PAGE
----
End-of-Summer Blooms Are Pretty For Us, Crucial for Beneficial Insects
September and October are particularly crucial for the survival of bumblebees and smaller native bees. It’s the time of year when they are mating and taking in their last bit of nutrition before going through diapause (similar to hibernation) in the case of bumblebees, or lay their last set of eggs in the case of native ground bees such as mining and leafcutter bees. Honeybees, syrphid flies and monarch butterflies are also busy getting the last sips of nectar during these early fall months.
Gardeners can help by planting a few important perennials that flower in the fall. Here are some that you can see for yourself at the Penn State Master Gardener Pollinator Garden in Fairmount Park. Free and open to the public, the garden is adjacent to the Horticulture Center, near Belmont and Montgomery avenues.
It’s not true that goldenrod causes fall allergies — the pollen is not wind-blown and goldenrod is are dependent on bees for pollination. Tall goldenrod (Solidago canadensis) grows 6-8 feet tall while prairie goldenrod (Solidago nemoralis)is only 2 feet tall.
Golden fleece (Solidago sphacelata) is a very short goldenrod that is a favorite of the tiny mining bees. It has an intriguing corkscrew spike out of which the tiny flowers grow. This is a non-aggressive goldenrod and does not easily self-sow. Its basal leaves persist through the winter. It’s important not to let the plant get smothered by a pile of fall leaves.
The New England aster (Symphyotrichum novae-angliae) has pink/purple blooms and is very well loved by bumblebees, Monarchs and syrphid flies. New England asters can be cut back in mid June to about a foot to keep the plant more compact. Some cut it back a second time between July 7 and 14 but no later as that will interfere with flowering.
Aster oblongifolius “Raydon’s Favorite” blooms in October also attracts bumblebees and migrating monarchs. It pairs well with the golden foliage of bluestar (Amsonia hubrechtii). There’s no need to cut back Raydon’s Favorite, but it may need staking.
Interestingly, goldenrods are in the Asteraceae family, same as asters and all daisy-like flowers (think coneflowers, black eyed Susans, sunflowers, zinnias, marigolds) since they have ray petals surrounding a disk of tiny flower parts in the center of the flower.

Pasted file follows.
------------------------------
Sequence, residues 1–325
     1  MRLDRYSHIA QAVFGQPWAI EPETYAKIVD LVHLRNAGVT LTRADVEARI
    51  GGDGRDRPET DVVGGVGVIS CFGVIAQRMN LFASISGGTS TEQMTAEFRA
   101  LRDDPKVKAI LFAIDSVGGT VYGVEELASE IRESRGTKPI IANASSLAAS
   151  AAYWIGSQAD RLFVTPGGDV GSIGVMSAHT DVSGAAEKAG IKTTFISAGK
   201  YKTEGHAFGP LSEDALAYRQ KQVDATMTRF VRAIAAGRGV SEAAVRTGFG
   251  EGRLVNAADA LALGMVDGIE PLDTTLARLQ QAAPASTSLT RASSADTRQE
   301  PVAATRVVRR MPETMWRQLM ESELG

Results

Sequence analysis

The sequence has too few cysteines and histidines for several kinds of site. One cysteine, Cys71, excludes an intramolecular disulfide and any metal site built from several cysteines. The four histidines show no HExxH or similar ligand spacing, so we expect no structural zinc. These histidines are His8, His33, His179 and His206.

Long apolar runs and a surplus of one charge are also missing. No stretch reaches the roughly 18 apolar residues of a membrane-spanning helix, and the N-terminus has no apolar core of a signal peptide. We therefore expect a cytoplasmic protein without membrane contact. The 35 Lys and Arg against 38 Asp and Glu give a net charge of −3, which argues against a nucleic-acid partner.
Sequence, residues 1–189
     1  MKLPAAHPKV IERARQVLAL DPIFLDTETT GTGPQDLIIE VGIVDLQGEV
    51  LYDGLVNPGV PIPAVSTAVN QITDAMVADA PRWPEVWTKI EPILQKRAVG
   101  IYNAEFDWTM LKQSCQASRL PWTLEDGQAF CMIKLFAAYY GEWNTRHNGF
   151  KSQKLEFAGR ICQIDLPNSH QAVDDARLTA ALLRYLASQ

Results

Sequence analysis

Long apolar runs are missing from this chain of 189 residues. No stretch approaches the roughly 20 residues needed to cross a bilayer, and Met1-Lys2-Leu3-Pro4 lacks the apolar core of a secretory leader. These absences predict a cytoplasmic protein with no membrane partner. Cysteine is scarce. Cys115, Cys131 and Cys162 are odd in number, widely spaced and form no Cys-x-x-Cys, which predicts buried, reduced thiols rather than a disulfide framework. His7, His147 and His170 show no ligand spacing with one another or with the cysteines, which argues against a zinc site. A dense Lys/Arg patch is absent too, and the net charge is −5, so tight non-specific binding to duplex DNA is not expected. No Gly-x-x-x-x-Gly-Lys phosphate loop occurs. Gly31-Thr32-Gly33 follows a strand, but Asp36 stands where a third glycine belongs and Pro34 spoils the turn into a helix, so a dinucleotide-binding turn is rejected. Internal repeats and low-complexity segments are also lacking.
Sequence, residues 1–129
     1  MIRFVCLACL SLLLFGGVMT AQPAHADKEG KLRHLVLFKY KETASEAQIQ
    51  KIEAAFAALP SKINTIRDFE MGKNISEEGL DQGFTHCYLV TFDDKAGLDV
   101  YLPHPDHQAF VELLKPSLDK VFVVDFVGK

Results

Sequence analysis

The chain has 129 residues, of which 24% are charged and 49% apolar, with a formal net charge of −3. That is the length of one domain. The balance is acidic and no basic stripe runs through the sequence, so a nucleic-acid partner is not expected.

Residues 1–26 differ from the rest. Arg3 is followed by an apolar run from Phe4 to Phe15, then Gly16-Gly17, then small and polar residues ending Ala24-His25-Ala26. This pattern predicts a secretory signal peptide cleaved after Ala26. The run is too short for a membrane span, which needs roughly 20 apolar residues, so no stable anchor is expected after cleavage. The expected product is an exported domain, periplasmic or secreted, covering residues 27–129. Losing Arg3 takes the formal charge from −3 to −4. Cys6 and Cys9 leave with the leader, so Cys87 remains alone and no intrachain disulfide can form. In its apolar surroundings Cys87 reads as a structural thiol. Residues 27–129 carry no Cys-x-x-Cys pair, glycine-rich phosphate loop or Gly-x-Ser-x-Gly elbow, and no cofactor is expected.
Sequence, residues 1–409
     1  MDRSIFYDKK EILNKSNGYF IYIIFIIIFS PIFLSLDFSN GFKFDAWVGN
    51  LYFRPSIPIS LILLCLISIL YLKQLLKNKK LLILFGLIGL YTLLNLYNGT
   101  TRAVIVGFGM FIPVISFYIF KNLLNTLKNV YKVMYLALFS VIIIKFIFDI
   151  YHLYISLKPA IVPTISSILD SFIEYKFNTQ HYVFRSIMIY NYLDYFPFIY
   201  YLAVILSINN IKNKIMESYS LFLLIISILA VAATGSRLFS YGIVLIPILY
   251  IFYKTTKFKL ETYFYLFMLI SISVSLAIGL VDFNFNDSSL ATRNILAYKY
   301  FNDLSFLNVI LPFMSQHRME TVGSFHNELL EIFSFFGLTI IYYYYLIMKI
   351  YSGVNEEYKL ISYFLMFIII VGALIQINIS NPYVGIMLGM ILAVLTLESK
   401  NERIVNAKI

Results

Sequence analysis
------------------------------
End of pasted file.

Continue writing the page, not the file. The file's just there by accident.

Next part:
This member of the mint family (Physostegia virginica) is so-called because when the flowers are pushed to the side, they remain in that position. The light purple bell-shaped blooms can continue into November and are well liked by large bees such as carpenter bees. This plant needs no special care at all.
New York Ironweed
Ironweed (Vernonia novebroacensis) can grow to 8 feet tall and has small purple blossoms that are excellent nectar sources for native bees. It self-sows but seedlings are easy to identify by their finely serrated leaf margins. At the Pollinator Garden, we stake this plant to keep it from toppling in late summer storms. If you prefer a shorter blue flower in the fall, try blue boneset, a/k/a blue mistflower (Conoclinum coelestinum), another perennial in the aster family. It remains short until late summer when it sends up foot-tall stems with lovely fuzzy blue flowers. Butterflies love this plant.
For me, one of the best aspects of native plants is that once they are established, they do not need any watering and require minimal care. At the Pollinator Garden, we do not cut down any perennials until late March or very early April when we are getting ready for spring. The spent stems provide cover for overwintering insects, food for birds and winter protection for the crowns of the perennials.
Come visit this garden in September and October to witness some of the splendors of fall in Philadelphia.
Howard Goldstein is a Weavers Way Working Member.